+1 from my side (as we already discussed in San Francisco last week).

The qml runtime should not automatically create any Window. Basically all it should do is to instantiate a QML engine and then load the file given on the command line into it.
>> With this simplicity perspective in mind, here are my proposed command
>> line arguments for qml:
>>  --verbose (-v)  Print warnings to stdout (otherwise warnings are ignored)
>>  --version       Display version information
>>  --              End arguments for qml, remaining command line passed
>> to program (access to argc/argv should probably be added to QtQml
>> first)

Sounds good. Command line access would be a good addition to QtQml.
>> Note that -I from qmlscene is not included (actually, there is no
>> overlap aside from an implicit --help). The import paths used by qml
>> should be the standard import paths plus a different system wide
>> location used for the installation of third party modules. This should
>> not then need to be altered for the deployment of the vast majority of
>> applications (remember that "." is a standard path to check for
>> imports). Here's a deployment example, for some versions of GNU/Linux:
>> an application pacakge could be installed into /usr/share/apps/MyApp,
>> and install a launch script to /usr/bin/MyApp just containing
>> '/usr/bin/qml /usr/share/apps/MyApp/main.qml'. Then the application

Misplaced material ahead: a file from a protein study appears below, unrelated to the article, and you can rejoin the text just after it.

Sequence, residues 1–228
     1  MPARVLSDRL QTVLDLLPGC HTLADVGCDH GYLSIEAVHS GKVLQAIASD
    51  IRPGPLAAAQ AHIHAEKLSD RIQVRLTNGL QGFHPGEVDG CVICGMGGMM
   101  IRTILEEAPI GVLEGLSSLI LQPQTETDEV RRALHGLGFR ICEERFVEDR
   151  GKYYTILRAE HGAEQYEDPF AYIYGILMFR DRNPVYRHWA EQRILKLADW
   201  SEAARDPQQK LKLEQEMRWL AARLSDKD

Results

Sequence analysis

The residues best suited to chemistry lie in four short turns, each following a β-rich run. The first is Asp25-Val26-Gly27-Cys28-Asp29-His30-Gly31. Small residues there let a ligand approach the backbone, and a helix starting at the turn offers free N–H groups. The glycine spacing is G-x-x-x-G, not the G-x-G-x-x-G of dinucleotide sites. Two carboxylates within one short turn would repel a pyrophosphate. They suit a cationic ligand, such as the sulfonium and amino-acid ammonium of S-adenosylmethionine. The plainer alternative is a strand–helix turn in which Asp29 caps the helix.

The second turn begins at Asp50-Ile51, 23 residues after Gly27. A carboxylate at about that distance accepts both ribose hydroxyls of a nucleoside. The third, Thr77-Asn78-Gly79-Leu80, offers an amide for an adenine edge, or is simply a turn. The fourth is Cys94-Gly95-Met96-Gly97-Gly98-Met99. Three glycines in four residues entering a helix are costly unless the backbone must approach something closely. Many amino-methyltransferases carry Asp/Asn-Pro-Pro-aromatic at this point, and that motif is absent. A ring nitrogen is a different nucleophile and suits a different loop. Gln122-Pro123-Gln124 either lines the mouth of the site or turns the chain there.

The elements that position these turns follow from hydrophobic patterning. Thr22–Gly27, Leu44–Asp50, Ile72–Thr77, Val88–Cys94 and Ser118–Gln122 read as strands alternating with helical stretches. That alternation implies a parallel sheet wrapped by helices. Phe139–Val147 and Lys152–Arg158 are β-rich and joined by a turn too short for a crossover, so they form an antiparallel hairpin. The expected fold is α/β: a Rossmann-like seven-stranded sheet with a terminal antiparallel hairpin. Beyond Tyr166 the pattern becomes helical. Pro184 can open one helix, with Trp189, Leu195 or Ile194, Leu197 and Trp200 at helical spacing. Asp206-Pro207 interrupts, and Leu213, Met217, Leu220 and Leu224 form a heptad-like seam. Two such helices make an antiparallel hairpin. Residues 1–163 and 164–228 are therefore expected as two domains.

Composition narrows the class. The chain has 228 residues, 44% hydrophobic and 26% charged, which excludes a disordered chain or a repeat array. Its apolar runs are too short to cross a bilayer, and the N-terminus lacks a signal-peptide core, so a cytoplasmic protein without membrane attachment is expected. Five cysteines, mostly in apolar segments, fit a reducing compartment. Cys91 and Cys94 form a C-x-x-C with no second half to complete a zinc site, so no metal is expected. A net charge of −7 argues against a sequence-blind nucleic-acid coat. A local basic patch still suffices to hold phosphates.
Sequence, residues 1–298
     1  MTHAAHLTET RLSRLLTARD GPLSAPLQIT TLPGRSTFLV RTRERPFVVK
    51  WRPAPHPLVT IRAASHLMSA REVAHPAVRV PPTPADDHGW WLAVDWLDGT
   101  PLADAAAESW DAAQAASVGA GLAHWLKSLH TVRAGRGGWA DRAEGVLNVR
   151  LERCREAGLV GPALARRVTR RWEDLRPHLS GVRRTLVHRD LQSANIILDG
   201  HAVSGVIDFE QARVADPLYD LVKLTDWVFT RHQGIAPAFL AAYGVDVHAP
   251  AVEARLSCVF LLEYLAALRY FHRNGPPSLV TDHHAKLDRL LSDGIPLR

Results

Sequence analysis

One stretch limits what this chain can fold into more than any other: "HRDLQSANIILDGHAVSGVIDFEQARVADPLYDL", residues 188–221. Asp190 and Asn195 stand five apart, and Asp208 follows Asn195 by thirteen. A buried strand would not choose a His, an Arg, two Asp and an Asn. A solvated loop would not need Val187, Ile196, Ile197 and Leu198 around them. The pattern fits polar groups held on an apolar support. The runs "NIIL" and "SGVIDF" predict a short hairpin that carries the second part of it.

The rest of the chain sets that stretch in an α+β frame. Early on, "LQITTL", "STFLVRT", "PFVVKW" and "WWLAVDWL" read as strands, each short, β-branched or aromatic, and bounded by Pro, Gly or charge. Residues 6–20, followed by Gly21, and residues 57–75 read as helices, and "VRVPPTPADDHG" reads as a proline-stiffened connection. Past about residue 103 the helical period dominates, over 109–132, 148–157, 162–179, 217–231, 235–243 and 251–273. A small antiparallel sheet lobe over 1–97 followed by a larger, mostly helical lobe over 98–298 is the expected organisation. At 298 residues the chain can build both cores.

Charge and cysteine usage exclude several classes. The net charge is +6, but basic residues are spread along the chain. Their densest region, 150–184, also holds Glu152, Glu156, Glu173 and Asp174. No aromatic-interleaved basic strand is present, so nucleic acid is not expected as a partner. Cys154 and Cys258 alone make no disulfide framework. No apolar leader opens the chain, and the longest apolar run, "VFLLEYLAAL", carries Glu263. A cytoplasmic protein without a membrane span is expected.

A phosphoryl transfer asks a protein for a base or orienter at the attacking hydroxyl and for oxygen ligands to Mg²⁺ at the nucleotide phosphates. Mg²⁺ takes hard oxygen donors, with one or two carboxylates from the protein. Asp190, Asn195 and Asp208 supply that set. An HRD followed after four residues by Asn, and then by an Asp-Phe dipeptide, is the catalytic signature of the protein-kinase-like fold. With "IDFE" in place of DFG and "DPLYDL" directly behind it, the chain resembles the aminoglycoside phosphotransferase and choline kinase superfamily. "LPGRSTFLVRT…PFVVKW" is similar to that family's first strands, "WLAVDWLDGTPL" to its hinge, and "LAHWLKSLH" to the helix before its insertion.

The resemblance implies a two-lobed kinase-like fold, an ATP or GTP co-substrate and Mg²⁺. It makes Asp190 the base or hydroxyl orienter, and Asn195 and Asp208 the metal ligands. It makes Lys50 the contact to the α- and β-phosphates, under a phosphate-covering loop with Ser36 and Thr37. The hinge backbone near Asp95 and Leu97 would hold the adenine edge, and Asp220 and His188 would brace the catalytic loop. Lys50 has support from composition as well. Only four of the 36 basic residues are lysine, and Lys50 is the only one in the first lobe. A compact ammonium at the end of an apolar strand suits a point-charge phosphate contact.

>> loads its remaining content relatively, plus installed modules it
>> might have a dependency on (depdencies handled by the package manager
>> of course).

Yes, that would work IMO.
>> Later on it would be nice to get the ability to feed it QML from stdin
>> or the command line, but that's not a critical feature.
>> There was also some discussion about exposing some additional
>> functionality to scenes run inside the runtime, but after thinking
>> about it I am now of the opinion that it should not expose extra
>> runtime functionality (like a runtime object) itself. Take the runtime
>> object in qmlviewer, whose two properties were orientation (now in
>> QtQuick.Window) and whether the application is active (now in the
>> global Qt object). Especially when viewed in the light of controlling
>> available QML functionality (like in the related import control
>> thread), all functionality should be exposed through QML modules. Note
>> that this doesn't have to mean QtQml and QtQuick, although they're
>> likely to have functionality of general importance to all users of the